Tucson City Hall

Tucson City Hall, including the art piece of the Mormon Battalion in downtown Tucson.

The city is giving police officers the authority to do much more than give drivers caught drag racing on Tucson streets a ticket.

The police can now impound vehicles caught drag racing thanks to a vote Wednesday night by the Tucson City Council. The new ordinance goes into effect immediately.

The Tucson Police Department asked for more power to address the issues, describing a dangerous situation on the east side — although illegal street races have been held in other parts of the city.

Street racing remains a Class 1 misdemeanor for drivers.

City Councilman Paul Cunningham said the city needed stronger enforcement measures to deter racers.

“We are in situations where people were getting ticketed for street racing and racing again 45 minutes later,” he said. “Worse, we had a person who was arrested for street racing three or four times and still was racing on a suspended license.

“The most effective way to prohibit someone from street racing is to take their car.”

In 2012, an 18-year-old woman was killed near Gates Pass after the vehicle she was in lost control during a drag race and rolled over.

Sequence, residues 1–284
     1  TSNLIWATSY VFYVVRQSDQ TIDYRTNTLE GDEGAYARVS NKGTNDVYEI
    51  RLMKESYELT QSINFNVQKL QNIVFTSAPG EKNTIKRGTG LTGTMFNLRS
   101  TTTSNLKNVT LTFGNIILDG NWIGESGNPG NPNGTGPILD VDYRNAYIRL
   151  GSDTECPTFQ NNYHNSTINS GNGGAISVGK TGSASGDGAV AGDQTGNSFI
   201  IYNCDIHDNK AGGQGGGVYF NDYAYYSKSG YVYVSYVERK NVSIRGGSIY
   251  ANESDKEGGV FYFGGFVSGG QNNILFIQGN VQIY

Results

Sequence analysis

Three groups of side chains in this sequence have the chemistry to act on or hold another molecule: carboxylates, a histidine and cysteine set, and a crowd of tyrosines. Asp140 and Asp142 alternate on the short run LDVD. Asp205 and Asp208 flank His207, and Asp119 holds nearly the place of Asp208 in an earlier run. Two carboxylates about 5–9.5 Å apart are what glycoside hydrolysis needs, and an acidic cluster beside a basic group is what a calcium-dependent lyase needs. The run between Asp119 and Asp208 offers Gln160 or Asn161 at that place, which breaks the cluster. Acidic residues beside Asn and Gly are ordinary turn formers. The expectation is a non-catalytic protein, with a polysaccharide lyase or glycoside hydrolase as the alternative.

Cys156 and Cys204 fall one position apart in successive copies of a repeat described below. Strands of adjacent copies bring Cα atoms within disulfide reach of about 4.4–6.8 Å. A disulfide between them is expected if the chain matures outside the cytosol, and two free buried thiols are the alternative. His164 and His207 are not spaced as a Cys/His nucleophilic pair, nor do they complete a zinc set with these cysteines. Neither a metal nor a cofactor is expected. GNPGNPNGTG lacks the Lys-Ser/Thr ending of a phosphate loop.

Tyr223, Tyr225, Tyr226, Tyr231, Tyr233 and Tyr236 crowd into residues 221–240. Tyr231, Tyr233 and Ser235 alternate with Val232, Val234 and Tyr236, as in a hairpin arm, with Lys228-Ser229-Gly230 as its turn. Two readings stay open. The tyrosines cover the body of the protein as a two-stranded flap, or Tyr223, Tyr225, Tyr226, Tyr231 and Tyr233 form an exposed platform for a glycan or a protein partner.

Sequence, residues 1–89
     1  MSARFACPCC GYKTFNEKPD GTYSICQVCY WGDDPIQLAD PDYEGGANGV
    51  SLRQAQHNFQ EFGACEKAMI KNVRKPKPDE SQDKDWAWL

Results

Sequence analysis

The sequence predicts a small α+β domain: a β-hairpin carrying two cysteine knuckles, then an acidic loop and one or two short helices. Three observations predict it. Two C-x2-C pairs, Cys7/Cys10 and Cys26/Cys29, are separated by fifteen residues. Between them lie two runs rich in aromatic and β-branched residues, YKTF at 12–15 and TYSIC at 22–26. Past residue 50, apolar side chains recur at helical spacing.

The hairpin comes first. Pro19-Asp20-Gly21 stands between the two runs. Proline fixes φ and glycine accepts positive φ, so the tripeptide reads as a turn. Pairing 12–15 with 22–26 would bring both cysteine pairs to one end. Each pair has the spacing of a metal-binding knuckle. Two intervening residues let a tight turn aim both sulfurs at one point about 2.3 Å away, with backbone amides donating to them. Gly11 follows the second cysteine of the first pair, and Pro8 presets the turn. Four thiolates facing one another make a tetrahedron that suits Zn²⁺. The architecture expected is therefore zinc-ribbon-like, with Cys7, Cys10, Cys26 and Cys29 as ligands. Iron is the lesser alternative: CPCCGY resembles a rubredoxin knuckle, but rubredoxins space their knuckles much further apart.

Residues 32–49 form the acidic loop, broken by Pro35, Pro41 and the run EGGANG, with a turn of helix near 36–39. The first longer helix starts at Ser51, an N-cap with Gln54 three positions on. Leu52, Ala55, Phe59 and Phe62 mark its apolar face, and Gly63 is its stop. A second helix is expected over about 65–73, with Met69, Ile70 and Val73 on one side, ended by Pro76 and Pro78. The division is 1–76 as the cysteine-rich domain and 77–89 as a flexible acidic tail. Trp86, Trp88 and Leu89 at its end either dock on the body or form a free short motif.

Access Tucson building is sold for $2.5 million

The council also approved selling the former Access Tucson building and an adjacent parking lot downtown for $2.5 million.

Built as the Tucson Veterans of Foreign Wars building at 124 E. Broadway near Sixth Avenue, the city opted to sell the 68-year-old, 13,720-square-foot building and a 4,235-square-foot parking lot just west of the building last year.

ZFI Acquisitions, managed by Zach Fenton and Benjamin Pozez, bid $500,000 over the city’s minimum asking price for the property.

The sale comes with one rather serious caveat — the city wants to place a historic preservation and conservation restrictions on the sales terms, preventing the two-story structure built for the Veterans of Foreign Wars in 1948 from being torn down by the buyer.

Changes would be OK
on building’s interior

The restriction would also limit changes to the exterior of the building, but would allow interior changes.

The city acquired the building in 1991 and the adjacent parking lot in 1998.

The building, where the second-floor ballroom was converted into two film-production studios, was occupied by the Access Tucson and Channel 12 staff, but the city closed the facility after giving a media contract to Creative Tucson in 2015.

Contact reporter Joe Ferguson at jferguson@tucson.com or 573-4197. On Twitter: @JoeFerguson


Reporter with the Arizona Daily Star. I cover politics as well as the city of Tucson and other municipalities in Southern Arizona.